- Saudi Aramco has secured a $12.4 billion deal to sell a minority stake of a new oil pipeline business to a consortium, led by EIG Global Energy Partners.
- The announcement comes as Aramco faces pressure to maintain hefty dividend payments to the Saudi government.
- Aramco's debt has climbed as Saudi Arabia, last year was hit by low prices and sharp cuts in production triggered by the Covid-19 pandemic.
Energy giant Saudi Aramco said it has struck a 12.4-billion-dollar deal to sell a minority stake in a newly formed oil pipeline business to a consortium led by US-based EIG Global Energy Partners.
The deal underscores how Aramco - the kingdom's cash cow - seeks to monetise its once-untouchable assets to generate revenue for the Saudi government as it accelerates efforts to diversify the oil-reliant economy.
"Upon closing, Aramco will receive upfront proceeds of around $12.4 billion, further strengthening its balance sheet through one of the largest energy infrastructure deals globally," the company said in a statement late Friday.
"As part of the transaction, a newly-formed Aramco subsidiary, Aramco Oil Pipelines Company, will lease usage rights in Aramco's stabilised crude oil pipelines network for a 25-year period."
The EIG-led consortium will hold a 49% stake in the subsidiary, Aramco said, adding that it will retain "full ownership and operational control".
In a separate statement, EIG, a Washington-based energy investment firm, said the new venture is valued at approximately $25.3 billion.
The deal covers all of Aramco's "existing and future stabilised crude pipelines" in the kingdom, an elaborate network that connects oil fields to downstream facilities, EIG said.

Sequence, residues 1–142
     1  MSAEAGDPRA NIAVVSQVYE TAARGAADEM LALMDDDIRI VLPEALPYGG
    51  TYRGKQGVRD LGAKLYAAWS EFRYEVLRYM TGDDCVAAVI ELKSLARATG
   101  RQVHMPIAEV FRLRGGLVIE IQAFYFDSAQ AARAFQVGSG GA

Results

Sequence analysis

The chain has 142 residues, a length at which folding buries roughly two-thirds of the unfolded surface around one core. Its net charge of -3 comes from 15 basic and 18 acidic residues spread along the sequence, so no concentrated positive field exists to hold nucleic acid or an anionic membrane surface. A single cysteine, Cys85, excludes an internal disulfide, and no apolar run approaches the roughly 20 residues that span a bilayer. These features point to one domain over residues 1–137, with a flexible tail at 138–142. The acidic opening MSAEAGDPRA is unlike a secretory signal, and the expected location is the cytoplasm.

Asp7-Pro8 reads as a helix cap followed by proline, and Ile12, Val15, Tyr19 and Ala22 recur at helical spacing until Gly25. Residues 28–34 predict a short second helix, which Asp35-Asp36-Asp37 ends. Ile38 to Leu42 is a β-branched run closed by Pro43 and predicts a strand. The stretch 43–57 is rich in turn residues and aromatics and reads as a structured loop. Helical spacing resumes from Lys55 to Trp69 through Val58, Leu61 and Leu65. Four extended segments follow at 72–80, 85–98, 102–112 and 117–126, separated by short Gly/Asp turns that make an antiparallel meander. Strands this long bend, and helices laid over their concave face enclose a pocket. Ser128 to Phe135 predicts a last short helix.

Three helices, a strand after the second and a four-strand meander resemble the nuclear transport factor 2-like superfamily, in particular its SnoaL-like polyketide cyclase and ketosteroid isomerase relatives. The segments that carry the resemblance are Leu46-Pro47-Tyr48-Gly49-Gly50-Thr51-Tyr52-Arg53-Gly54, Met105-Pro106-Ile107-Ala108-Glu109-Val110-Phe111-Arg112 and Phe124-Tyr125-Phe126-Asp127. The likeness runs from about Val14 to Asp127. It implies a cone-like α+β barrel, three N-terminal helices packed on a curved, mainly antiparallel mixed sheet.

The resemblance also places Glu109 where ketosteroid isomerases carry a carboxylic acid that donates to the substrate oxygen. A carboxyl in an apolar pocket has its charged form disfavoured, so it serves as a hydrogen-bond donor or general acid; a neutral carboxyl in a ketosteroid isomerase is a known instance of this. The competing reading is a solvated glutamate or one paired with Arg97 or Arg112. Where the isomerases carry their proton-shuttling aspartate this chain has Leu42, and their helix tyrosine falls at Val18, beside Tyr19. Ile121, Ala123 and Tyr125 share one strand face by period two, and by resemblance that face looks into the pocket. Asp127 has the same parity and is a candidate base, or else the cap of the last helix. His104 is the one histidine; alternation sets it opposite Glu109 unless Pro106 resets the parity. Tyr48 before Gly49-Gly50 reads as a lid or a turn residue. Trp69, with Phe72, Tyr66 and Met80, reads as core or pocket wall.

"We are proud to partner with Aramco in this marquee global infrastructure asset," said EIG chairman R. Blair Thomas.
Neither company said which other firms were part of the consortium.
The announcement comes as Aramco faces pressure to maintain hefty dividend payments to the Saudi government, its biggest shareholder, despite posting consecutive falls in profits since it began disclosing earnings in 2019.
Last month, Aramco posted a 44.4% slump in 2020 net profit due to lower crude prices, piling pressure on government finances as Riyadh pursues multi-billion dollar projects to diversify the economy.
The company's debt has climbed as Saudi Arabia, the world's biggest crude exporter, was hammered last year by the double whammy of low prices and sharp cuts in production triggered by the coronavirus pandemic.
Even so, Aramco said it stuck by its commitment to pay shareholders dividends worth $75 billion in 2020 - an amount that exceeds the declared profit and available cash flow.
"The (EIG) deal marks an innovative step for Aramco as it seeks to monetise assets to pay down debt, maintain its dividend payments and fund planned investments," the Energy Intelligence group said.
Long seen as the kingdom's "crown jewel", Aramco and its assets were once tightly under government control and considered off-limits to outside investment.
But with the rise of de facto ruler Crown Prince Mohammed bin Salman, who is pushing to implement his "Vision 2030" reform programme, the kingdom has shown readiness to cede some control.
Aramco sold a sliver of its shares on the Saudi bourse in December 2019, generating $29.4 billion in the world's biggest initial public offering.
In January, Prince Mohammed said the kingdom would sell more Aramco shares in the coming years.
He said future share offerings would be a key way to boost the Public Investment Fund, the kingdom's sovereign wealth fund which is the main engine of its diversification efforts.
In a major new diversification push late last month, Saudi Arabia announced plans to pump investments worth $3.2 trillion into the national economy by 2030, roping in the kingdom's biggest companies including Aramco.
Under a programme named "Shareek", or partner, Aramco and other top Saudi companies will lead the investment drive by contributing five trillion riyals ($1.3 trillion) over the next decade, Prince Mohammed said.
In a briefing to reporters, he added that the companies, many of them listed, had agreed to lower their dividends and redirect the money into the domestic economy in exchange for incentives such as subsidies.
In the statement announcing the deal with the EIG-led group, Aramco chief executive Amin Nasser said the company was "capitalising on new opportunities that also align strategically with the recently-launched Shareek programme".